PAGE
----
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What is a Diabetes Pump?

By Deneatra Harmon
Updated May 17, 2024
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A diabetes pump is a device that delivers insulin through a specialized catheter. The use of the diabetes pump eliminates the need for a type 1 diabetic patient to take daily injections, and it offers with several other advantages and disadvantages. The insulin pump helps to make diabetes management easier because it can be programmed to deliver insulin doses throughout the day. The device must be maintained often to ensure accurate blood sugar level readings and proper dosing.

The pump consists of a computerized device that resembles a pager, an infusion set, and some tubing. The main component includes a compartment or reservoir that stores the insulin. In addition to a computer screen, it also features a battery, computer chip, and a pumping mechanism. The diabetes pump may be attached as an armband, to a belt or a holster, or stored in a pocket.

Another part of the diabetes pump, the infusion set, attaches to the skin with the help of a tube. Functioning similarly to a catheter, the infusion set transfers the insulin from the pump to the body. A short tube connects underneath the infusion portion of the diabetes pump to help inject insulin into the skin.

This device comes with its own set of advantages and disadvantages. One of the biggest pluses of the insulin pump is that it serves as an alternative to taking needle injections. The pump is also known to provide insulin at the right time and in accurate amounts, thus making it more convenient and better at regulating blood glucose levels. An insulin pump also reduces the chances of experiencing low blood sugar episodes. It also allows flexibility for the patient to determine when and what to eat while maintaining normal glucose levels.

Some disadvantages of the diabetes pump include weight gain and the risk of suffering diabetic ketoacidosis, or the lack of insulin. Diabetic ketoacidosis can result if the insulin pump becomes disconnected from the body. Cost also appears to be an issue because the pump tends to be more expensive than injections. The diabetes pump must stay attached to the body most of the time, so it may feel bulky and bothersome to some users. Overall, the pump seems to be the more popular, preferred way of taking insulin compared to using the sometimes painful needle, according to some medical experts.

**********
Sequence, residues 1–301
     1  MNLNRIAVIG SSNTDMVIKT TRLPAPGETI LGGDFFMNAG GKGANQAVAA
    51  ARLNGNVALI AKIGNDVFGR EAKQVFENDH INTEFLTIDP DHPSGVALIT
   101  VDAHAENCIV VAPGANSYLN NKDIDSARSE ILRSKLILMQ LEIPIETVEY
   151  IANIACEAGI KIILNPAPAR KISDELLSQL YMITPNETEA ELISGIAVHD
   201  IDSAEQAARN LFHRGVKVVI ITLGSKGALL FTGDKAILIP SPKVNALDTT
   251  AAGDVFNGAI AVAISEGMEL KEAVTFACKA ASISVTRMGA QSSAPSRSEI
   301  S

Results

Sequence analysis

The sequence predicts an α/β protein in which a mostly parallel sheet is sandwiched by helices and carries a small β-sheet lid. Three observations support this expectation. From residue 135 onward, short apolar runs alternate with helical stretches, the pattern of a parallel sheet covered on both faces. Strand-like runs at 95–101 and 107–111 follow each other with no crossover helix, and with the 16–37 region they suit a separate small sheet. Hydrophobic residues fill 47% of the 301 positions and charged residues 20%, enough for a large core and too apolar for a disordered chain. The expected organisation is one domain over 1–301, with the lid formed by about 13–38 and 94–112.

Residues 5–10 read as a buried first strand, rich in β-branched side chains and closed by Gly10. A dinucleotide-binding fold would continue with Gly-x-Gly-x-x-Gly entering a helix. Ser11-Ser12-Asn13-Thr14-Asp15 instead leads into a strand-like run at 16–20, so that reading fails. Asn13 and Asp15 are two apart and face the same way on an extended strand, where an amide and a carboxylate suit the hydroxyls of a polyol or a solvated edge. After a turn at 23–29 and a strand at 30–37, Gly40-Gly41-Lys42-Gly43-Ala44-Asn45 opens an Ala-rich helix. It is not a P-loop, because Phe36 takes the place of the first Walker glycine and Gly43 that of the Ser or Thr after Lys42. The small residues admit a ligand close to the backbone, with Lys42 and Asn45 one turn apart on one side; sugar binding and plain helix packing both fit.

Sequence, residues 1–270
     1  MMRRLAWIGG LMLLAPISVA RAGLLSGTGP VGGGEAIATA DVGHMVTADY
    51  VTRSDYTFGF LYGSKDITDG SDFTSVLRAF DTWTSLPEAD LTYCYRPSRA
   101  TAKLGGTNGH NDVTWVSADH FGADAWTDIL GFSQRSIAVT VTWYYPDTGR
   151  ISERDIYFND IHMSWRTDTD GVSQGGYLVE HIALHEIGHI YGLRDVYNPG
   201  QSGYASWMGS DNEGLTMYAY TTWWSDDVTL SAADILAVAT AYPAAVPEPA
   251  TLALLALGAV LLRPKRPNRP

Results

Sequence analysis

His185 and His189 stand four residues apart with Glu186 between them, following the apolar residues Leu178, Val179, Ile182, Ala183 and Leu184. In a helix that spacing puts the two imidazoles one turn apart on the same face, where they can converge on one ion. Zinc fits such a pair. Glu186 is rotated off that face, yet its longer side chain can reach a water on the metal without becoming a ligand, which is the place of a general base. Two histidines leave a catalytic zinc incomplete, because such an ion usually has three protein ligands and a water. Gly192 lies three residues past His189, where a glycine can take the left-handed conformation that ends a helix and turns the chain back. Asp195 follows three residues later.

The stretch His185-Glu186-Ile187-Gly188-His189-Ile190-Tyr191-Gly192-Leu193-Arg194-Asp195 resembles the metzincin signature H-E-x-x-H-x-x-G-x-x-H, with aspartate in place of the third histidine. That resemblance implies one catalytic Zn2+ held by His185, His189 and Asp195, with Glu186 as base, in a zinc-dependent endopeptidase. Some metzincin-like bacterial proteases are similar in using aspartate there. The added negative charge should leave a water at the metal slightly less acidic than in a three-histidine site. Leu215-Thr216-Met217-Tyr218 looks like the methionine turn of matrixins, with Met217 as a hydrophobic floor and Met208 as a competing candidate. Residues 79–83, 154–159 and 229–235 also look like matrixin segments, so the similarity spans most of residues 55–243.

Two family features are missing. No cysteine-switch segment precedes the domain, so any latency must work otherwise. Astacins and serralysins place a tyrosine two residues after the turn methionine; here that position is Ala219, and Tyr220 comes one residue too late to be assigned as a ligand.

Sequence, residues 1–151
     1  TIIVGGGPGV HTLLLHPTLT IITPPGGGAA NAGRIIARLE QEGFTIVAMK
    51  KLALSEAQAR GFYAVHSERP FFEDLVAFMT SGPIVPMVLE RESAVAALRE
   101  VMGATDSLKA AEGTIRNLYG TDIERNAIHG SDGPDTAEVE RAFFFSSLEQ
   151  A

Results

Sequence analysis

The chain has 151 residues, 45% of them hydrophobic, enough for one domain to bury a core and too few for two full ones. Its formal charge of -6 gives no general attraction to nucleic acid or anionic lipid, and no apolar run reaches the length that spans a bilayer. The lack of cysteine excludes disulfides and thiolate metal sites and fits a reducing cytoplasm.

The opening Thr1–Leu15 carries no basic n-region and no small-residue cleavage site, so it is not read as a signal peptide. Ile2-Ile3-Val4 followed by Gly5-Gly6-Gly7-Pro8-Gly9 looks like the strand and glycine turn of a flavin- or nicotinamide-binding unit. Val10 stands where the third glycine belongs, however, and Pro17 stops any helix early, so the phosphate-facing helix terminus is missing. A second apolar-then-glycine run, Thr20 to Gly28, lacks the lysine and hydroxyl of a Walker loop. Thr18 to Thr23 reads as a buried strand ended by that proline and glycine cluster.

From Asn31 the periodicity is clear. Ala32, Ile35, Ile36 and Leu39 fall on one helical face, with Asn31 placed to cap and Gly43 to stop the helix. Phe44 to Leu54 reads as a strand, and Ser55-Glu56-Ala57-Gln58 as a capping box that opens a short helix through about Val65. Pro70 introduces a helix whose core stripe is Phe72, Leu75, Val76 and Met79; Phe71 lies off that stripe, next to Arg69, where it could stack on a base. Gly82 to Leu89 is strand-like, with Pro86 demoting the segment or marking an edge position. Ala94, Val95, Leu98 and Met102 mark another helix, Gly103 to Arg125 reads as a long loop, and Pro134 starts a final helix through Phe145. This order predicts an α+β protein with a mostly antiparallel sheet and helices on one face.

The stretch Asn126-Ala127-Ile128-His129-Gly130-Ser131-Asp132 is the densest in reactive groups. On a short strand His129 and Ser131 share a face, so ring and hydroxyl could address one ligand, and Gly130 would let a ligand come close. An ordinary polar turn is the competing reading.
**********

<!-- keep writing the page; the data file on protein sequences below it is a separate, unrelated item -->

Once the insulin pump is in place, the patient must communicate with his or her diabetes care team to program the device and keep blood sugar levels within the right ranges. The pump delivers insulin doses in different categories, including basal, bolus, and supplementary. The basal dose helps to maintain normal blood glucose levels between meals and at night. The patient may also press a button on the pump to deliver a bolus dose, which covers the amount of carbohydrates eaten during meals and treats high blood sugar levels. A supplemental dose may also sometimes be needed before meals to take high blood sugar levels down to normal.

The insulin pump also provides durability, thereby allowing a user to wear the device for several years. Maintenance helps to keep the pump working properly. The insulin reservoir, infusion set, tube, and insulin supply must be changed at least every few days.

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